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Wednesday, 27 October 2010

Cleansing Milk

My introduction to cleansing milk was When I was about 18 years old. With only a bare pass in O’Level French, I landed a job in France and my new sophisticated French girl friends were aghast that I used soap on my face! Soap was a big "NON NON" for 'le visage'. There were many other "Non Non’s" concerning just about everything to do with my lack of a skincare routine.  Paris was an eye opener I can tell you, and the most important topic of conversation to my new French friends was that I did not make the best of myself, and I was also fat – that being a greater sin than ugliness, but I digress.
I was sent off to visit a beauty parlour that wanted volunteers for their trainees to practice on, I didn’t have to pay. But I did have to put up with the discussion by the teacher and a room full of fledgeling beauticians that my nose was 'encrusted with blackheads'  and how British girls didn’t know the first thing about caring for their skin.  After making me feel awful, the very friendly trainee beauticians actually helped me a great deal - not only did I get free cleansing treatments, but advice and lessons on skincare too. Cleansing milk was to become part of my daily routine.  Of course it was my fault entirely that the best cleansing milk to be had in Paris brought me out in a rash, and when looking at the bewildering list of ingredients, almost impossible to know which one could be the culprit!
It took several purchases to find one that my skin could tolerate, not the most expensive but certainly the most obscure. On returning to Britain, I looked down my nose at the smooth pink bar of soap on the hand basin and reached for my 'oh-so-chic' bottle of 'laits corps' only to find it was empty and a replacement impossible to find… Substitutes were sought among the bottles at the local chemist and I settled on one that promised to be gentle… and it was… for about a week when I once again developed an unsightly rash. I was allergic to just about everything Boots had to offer and became convinced that I was simply ‘odd’ and went back to water with the occasional smear of soap.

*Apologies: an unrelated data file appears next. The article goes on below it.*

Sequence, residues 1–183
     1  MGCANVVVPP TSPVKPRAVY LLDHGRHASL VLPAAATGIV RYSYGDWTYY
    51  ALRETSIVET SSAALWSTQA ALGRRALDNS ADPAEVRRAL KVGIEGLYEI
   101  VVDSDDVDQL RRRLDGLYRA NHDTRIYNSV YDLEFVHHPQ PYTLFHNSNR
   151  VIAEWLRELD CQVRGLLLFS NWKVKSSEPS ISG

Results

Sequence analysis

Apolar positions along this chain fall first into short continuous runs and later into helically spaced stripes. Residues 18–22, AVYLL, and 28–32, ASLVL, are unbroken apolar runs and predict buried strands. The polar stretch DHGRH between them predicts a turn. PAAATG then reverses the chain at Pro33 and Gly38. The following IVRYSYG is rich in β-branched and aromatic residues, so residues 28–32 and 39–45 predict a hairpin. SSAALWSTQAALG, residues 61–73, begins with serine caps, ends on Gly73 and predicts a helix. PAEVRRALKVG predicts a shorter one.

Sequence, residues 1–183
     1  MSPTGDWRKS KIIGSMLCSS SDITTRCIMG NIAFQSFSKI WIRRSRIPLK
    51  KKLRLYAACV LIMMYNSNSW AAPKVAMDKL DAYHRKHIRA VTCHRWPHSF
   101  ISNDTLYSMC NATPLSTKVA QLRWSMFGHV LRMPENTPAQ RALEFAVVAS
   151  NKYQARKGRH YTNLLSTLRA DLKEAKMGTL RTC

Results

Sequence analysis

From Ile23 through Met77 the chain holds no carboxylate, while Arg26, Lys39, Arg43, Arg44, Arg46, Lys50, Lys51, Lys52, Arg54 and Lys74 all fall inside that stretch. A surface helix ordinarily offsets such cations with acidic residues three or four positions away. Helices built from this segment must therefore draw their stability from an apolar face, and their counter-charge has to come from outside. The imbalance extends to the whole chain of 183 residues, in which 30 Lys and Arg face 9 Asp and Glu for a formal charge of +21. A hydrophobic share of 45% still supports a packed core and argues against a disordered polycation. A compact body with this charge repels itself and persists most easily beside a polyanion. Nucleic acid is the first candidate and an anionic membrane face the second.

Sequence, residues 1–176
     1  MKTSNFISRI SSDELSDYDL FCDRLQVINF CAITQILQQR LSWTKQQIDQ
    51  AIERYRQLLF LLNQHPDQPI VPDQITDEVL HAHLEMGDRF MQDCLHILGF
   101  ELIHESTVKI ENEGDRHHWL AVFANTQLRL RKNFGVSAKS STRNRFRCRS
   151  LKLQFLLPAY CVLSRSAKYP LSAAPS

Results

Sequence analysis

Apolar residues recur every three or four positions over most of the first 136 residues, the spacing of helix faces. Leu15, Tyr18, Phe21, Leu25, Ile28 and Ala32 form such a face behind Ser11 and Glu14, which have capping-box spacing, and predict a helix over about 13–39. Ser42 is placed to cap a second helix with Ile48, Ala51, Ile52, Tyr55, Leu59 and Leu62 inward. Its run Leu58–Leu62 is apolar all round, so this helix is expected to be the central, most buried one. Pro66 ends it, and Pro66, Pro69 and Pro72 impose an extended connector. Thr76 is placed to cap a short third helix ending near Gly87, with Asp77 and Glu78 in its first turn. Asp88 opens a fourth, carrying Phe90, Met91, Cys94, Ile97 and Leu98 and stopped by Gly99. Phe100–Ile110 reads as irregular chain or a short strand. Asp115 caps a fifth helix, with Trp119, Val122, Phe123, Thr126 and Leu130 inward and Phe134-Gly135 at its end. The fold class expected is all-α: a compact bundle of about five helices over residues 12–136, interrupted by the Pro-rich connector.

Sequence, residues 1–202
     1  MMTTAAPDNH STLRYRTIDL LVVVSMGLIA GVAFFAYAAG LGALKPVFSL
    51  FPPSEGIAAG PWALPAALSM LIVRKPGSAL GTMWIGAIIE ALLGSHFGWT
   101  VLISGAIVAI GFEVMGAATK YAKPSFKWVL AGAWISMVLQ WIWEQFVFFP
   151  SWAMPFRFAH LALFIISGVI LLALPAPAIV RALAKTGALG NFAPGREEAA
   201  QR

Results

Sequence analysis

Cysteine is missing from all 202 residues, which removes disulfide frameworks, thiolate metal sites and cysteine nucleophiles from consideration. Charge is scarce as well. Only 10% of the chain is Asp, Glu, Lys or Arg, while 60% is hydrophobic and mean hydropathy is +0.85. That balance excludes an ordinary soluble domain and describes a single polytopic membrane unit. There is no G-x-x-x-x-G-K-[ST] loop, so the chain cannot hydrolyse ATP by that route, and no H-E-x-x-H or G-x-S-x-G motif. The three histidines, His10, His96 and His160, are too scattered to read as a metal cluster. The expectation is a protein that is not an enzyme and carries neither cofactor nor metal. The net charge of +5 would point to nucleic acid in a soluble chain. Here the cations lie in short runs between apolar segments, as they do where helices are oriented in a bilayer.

The connection I did not make at the time was that ‘cleansing milk’ isn’t just a name. The composition of milk varies depending upon which animal the milk comes from, goat milk being considerably higher in fat than that of cows and already a favourite for sufferers of excema who may have found that even drinking it can help their condition. It's this fat that makes it perfect and very gentle for cleansing.
My point is, you can simply take the milk from the fridge and wash your face in it. And it is often the best solution for people with sensitive skin or a problem such as blackheads or pimples. Use a bit of cotton wool and simply pour on the milk and then wipe (always upwards remember) on your face. It doesn't remove makeup, but it will remove daily grime and it is certainly one of the most simple homemade beauty recipes. Just add a few drops of a well chosen essential oil bottle it - label it - keep it in the fridge and use daily. Of course you should discard it the moment it shows any signs of going off.

Recipe for A Fresh Cleansing Milk

Ingredients250ml milk. (choose whole (or Jersey) milk if you have dry skin; semi skimmed if your skin is inclined to be oily.
½ cucumber
1ml Essential Oil of your choice.
Use a blender or liquidiser to reduce the cucumber (including the skin) to mush. Add the milk and heat in a pan until just boiling. Allow to cool. Strain through muslin into a jug and allow to cool before mixing in the essential oils. Apply with cotton wool in an upward sweeping motion on your face. This mixture does not contain a preservative and so will only keep in the fridge for around 4 to 5 days. Discard the moment it shows signs of going off.

1 comment:

  1. Thank you for the info. It sounds pretty user friendly. I guess I’ll pick one up for fun. thank u

    Soap Free Cleanser


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